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Scott Arciszewski

Software, Privacy, Security, Innovation

We Live Security Doesn't Live Research

May 17, 2014 10:48 AM • Opinion, Politics

Update: The author removed the relevant section from his article and promised to make corrections to it before re-publishing it.


A blog titled We Live Security posted an article and mentioned my arrest and the incidents surrounding it. The piece was Think cybercriminals are “evil geniuses”? Wrong – and these 5 idiots show why; the relevant excerpt which I have reproduced below in case the author decides to delete everything to save face.

‘I have had a very bad day,’ Tweets man who hacks FBI

Sadly, that was VoodooKobra's very last Tweet before he was arrested — fairly understandable, since the bold snake-monikered Anonymous member had hacked into not only an FBI site, but one about the fight against cybercrime. One of the things most humans learn around the time they pick up the idea that walking in front of speeding trucks is a bad idea is that policemen — wherever you are — don't like you laughing at them. The 21-year-old bragged openly on Twitter about his crimes. Then he stopped laughing, and the Feds started, through a set of bars — in VoodooKobra's case, for three-and-a-half years, the Miami New Times reported. The damage the hacker caused was minimal prosecutors said — but that Twitter handle alone justified hard time in jail

I've written about this before, and my side of the story was even published in 2600: The Hacker Quarterly. The court documents surrounding my case are all publicly available. Furthermore, the contact information on my website (which should be the #1 result on Google for "Scott Arciszewski" depending on your filter bubble) is up-to-date.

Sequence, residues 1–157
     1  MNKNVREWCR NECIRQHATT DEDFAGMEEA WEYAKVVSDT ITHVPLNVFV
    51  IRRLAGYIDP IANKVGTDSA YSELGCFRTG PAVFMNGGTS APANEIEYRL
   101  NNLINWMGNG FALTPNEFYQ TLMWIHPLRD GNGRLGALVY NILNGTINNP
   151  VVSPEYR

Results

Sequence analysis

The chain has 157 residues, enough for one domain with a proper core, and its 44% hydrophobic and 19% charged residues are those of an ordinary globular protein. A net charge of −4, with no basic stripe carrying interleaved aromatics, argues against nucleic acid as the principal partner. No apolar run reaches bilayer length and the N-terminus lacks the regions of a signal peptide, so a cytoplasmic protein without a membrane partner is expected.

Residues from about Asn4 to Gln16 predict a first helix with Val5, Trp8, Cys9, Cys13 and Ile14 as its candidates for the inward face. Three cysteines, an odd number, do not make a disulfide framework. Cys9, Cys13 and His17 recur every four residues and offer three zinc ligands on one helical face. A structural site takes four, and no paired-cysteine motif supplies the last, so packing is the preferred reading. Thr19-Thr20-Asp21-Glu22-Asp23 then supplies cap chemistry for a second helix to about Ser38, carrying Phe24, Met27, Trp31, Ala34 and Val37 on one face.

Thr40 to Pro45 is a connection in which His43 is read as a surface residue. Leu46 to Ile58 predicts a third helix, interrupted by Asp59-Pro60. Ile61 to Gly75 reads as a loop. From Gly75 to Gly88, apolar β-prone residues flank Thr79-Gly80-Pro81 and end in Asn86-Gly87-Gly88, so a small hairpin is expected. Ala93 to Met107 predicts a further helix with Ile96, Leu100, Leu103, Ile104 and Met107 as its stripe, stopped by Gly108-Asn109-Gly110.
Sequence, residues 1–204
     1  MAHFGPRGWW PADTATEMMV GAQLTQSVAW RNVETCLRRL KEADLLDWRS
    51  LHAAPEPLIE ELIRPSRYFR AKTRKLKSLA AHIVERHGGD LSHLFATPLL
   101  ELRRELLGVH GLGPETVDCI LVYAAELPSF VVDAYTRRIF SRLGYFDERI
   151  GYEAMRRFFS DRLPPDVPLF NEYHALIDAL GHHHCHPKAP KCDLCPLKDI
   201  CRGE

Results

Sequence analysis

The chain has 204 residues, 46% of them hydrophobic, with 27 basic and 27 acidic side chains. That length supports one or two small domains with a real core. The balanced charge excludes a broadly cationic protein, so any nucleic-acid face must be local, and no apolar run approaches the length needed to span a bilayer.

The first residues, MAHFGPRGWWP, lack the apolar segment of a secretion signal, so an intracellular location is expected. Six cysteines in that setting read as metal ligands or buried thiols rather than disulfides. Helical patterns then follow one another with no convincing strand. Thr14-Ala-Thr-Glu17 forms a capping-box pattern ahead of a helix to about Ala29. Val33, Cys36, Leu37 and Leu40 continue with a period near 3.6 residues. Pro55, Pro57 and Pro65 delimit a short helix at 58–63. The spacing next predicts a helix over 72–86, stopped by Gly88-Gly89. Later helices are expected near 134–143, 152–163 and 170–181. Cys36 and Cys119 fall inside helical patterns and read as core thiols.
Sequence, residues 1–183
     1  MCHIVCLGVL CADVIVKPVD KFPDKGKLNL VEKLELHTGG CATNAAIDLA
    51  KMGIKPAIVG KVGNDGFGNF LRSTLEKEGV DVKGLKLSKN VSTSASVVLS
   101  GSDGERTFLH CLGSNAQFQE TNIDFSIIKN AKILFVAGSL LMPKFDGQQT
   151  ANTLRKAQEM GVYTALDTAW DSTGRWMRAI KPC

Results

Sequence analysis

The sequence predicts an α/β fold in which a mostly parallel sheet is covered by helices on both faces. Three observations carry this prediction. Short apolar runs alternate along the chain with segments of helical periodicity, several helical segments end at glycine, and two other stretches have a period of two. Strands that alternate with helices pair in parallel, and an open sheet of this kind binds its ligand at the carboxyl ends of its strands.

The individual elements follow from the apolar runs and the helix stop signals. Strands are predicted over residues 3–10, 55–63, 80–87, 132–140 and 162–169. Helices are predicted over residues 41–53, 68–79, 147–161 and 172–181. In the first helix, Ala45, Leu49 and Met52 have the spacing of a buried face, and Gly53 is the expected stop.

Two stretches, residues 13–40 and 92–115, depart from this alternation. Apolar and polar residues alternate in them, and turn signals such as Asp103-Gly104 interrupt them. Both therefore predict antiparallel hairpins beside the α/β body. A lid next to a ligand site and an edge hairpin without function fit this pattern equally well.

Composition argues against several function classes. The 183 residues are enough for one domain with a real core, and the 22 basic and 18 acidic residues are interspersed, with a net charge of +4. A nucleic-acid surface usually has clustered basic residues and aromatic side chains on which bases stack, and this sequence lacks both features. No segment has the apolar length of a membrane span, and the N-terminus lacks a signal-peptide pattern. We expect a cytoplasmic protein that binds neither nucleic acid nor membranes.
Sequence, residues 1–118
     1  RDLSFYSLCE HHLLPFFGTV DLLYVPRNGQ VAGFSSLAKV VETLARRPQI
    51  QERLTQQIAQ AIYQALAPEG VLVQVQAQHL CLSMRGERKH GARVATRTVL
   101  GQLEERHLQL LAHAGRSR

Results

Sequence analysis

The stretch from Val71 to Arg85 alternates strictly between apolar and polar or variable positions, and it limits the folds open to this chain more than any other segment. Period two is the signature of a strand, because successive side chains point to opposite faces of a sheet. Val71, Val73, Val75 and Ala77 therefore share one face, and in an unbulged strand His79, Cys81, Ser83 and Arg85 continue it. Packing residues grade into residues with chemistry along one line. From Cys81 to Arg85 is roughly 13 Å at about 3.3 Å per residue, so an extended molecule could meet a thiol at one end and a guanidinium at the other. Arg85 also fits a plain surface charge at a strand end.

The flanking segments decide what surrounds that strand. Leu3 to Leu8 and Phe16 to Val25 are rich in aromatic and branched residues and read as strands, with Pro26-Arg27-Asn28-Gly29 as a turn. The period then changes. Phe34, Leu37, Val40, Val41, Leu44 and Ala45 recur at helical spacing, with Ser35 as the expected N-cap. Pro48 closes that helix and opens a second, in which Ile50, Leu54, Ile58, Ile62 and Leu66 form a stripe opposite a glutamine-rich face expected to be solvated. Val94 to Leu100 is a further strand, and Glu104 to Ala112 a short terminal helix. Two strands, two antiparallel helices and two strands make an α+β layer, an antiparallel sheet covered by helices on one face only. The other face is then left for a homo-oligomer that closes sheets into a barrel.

At any point in time, Rob Waugh could have learned the facts of the case, or reached out to me for any sort of interview. Instead, he opted to be lazy. So let's comb through this half-baked literary ejaculation and extract the falsehoods.

  • Sadly, that was VoodooKobra's very last Tweet before he was arrested - Nope! That was my first tweet after I was released from custody. Completely wrong from the get-go.
  • The 21-year-old bragged openly on Twitter about his crimes - What crimes? You used a plural noun there, what other crimes have I committed? I broke the law by examining Infragard's system without their permission, and angered them by going, "Hey everybody look, Sylint Corporation is incompetent at even the most basic of cybersecurity operations: updating software!" Did I fuck up? You bet. But only once.
  • Then he stopped laughing, and the Feds started, through a set of bars — in VoodooKobra's case, for three-and-a-half years, the Miami New Times reported - I'm not sure how reliable of a source about:blank is, but this is not only false but also logically impossible. It hasn't even been three years since the incident occurred. I spent 8 hours in custody and was released to return to my dorm. My sentence was six months of house arrest, five years of probation, 100 hours of community service, and over $9000 in restitution.

I feel it's important to emphasize a point. When I first saw my Pre-Sentence Report, Sylint had claimed over $32,000 in damages for June 16-24, 2011 for an intrusion that occurred on June 21, 2011. When I protested, they amended it to June 21-27 and dropped the damage to $9,370. Shortly afterwards, a group calling themselves the Brick Squad claimed I gave LulzSec access to Infragard Atlanta, even though they hacked it 2 weeks prior.

My point is this: This yellow journalism is not the first time I've been accused of violating causality and/or having a time machine, but I'm getting real sick of it.

If you're going to call me an idiot for making dumb mistakes, fine. I agree with you; I was fucking stupid. But don't be an even bigger idiot when you're saying it. That's just disgraceful.

If any real journalists have any questions about this non-story, what the hell, shoot me an email. Slow news days happen.

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